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Special counsel says Biden did not remember when he was vice president or when his son died

The report on the classified documents investigation portrays the president as an octogenarian with a failing memory

Joe Biden
US President Joe Biden arrives at Leesburg Executive Airport in Virginia on February 8, 2024.EVELYN HOCKSTEIN (REUTERS)

There will be no criminal charges, but there will be a serious political blow. Special counsel Robert Hur has ruled out legal action against President Joe Biden, but the 388-page report he has delivered to Congress portrays him in a very graphic way as an octogenarian with a failing memory who doesn’t remember when his son died or when he was vice president. The report states that “at trial, Mr. Biden would likely present himself to a jury, as he did during our interview of him, as a sympathetic, well-meaning, elderly man with a poor memory.” The messages contained in the report are politically devastating for Biden at a time when polls indicate that age is a weak point in his re-election bid.

“Mr. Biden’s memory also appeared to have significant limitations,” reads the report on page 207, which discusses recordings from 2017 about Afghanistan. “Mr. Biden’s recorded conversations with [ghostwriter Mark Zwonitzer] from 2017 are often painfully slow, with Mr. Biden struggling to remember events and straining at times to read and relay his own notebook entries.”

“In his interview with our office, Mr. Biden’s memory was worse. He did not remember when he was vice president, forgetting on the first day of the interview when his term ended (“if it was 2013 - when did I stop being Vice President?”), and forgetting on the second day of the interview when his term began (“in 2009, am I still Vice President?”). He did not remember, even within several years, when his son Beau died. And his memory appeared hazy when describing the Afghanistan debate that was once so important to him,” the report adds in the next page.

Although Hur concludes that no criminal charges should be pressed, the message is that it is because he believes that a jury would acquit him based on his memory limitations. “While he is and must be accountable for his actions — he is, after all, the President of the United States — based on our direct observations of him, Mr. Biden is someone for whom many jurors will want to search for reasonable doubt. It would be difficult to convince a jury they should convict a former president who will be at least well into his eighties of a serious felony that requires a mental state of willfulness.”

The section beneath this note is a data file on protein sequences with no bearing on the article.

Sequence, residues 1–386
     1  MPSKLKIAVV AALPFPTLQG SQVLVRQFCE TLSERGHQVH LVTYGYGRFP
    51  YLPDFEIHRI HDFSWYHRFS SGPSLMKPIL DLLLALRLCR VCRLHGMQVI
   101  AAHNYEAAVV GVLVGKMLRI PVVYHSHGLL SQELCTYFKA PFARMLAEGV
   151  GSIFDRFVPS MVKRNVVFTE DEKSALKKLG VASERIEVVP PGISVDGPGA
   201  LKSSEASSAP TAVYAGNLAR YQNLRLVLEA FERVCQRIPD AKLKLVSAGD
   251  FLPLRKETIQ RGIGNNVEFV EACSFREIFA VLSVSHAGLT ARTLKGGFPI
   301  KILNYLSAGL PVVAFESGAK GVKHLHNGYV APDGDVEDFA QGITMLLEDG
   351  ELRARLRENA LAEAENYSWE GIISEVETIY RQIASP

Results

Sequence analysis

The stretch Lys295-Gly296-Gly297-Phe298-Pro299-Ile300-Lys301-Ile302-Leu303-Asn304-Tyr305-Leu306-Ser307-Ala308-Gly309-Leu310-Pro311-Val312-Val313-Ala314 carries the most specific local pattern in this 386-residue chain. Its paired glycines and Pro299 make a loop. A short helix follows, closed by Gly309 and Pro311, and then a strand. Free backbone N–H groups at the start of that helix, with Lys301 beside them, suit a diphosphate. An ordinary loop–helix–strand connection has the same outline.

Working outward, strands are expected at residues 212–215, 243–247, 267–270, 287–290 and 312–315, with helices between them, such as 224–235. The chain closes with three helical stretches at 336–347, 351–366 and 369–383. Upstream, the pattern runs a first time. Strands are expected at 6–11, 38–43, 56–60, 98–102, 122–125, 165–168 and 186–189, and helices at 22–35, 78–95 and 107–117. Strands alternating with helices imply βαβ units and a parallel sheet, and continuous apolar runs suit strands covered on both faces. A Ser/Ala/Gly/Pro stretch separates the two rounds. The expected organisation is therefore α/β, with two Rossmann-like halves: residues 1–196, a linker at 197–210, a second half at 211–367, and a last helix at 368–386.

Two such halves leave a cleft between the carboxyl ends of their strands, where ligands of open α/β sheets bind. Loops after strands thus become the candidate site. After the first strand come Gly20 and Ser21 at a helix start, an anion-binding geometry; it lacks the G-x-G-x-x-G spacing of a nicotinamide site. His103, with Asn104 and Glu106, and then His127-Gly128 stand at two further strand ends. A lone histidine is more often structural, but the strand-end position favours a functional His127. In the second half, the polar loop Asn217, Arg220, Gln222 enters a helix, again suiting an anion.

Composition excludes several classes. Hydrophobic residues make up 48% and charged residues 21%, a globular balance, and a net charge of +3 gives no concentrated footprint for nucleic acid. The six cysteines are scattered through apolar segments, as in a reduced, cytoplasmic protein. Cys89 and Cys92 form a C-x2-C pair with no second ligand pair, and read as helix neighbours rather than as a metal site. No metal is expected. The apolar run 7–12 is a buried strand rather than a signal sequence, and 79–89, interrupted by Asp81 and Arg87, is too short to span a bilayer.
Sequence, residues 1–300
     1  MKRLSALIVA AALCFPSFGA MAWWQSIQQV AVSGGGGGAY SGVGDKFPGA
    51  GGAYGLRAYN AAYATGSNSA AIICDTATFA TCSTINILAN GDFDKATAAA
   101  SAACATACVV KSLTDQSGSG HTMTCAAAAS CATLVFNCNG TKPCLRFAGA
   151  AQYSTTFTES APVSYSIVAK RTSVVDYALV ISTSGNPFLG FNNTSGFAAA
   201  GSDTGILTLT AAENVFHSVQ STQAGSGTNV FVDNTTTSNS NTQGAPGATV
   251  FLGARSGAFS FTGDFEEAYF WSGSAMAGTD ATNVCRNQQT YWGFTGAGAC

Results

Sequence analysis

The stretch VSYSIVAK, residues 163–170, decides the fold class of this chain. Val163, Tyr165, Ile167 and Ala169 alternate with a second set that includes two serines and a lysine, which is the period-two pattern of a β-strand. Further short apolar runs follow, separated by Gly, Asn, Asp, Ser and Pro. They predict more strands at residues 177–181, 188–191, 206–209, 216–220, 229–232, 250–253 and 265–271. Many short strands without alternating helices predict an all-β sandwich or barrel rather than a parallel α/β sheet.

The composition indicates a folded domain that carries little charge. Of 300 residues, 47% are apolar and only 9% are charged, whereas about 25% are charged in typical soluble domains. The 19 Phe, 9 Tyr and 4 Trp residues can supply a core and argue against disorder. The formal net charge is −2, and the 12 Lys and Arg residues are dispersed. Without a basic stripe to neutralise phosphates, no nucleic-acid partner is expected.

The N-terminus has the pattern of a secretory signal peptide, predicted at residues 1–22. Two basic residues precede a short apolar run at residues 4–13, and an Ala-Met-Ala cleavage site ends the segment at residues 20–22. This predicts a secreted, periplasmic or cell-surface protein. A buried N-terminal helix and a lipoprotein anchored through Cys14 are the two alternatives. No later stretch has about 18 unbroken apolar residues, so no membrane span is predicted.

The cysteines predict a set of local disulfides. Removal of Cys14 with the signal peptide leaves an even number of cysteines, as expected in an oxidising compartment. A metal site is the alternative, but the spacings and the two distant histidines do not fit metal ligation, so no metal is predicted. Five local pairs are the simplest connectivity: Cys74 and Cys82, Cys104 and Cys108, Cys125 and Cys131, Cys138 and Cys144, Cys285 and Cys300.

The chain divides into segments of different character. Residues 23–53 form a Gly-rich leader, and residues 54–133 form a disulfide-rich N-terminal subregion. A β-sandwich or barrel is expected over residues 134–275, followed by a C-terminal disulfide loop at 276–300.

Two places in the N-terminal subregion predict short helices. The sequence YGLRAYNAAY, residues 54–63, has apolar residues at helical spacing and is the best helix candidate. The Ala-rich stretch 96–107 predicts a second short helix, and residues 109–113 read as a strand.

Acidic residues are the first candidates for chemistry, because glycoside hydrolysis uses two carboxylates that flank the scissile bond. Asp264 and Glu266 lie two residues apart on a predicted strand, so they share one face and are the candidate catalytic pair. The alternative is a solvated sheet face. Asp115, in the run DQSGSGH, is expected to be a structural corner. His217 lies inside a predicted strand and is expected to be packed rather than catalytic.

It is the policy of the Department of Justice not to seek the indictment of sitting presidents. It is considered that it is Congress, through impeachment, that should be responsible for politically judging a president in office and, if necessary, removing him. Criminal accusations, on the other hand, have a place for former presidents, although Donald Trump, accused of 91 counts across four indictments, claims immunity in a debate involving the Supreme Court.

Biden is the first octogenarian president in U.S. history. He will end his current term at the age of 82 and if he is re-elected in the election of November 5, his presidency would in principle last until he is 86 years old.

A poll published last August by the Associated Press-NORC Center for Public Affairs Research found three in four Americans think the president is too old to serve another term. Asked what words came to mind when they thought of him, answers included “old” and “confused.”

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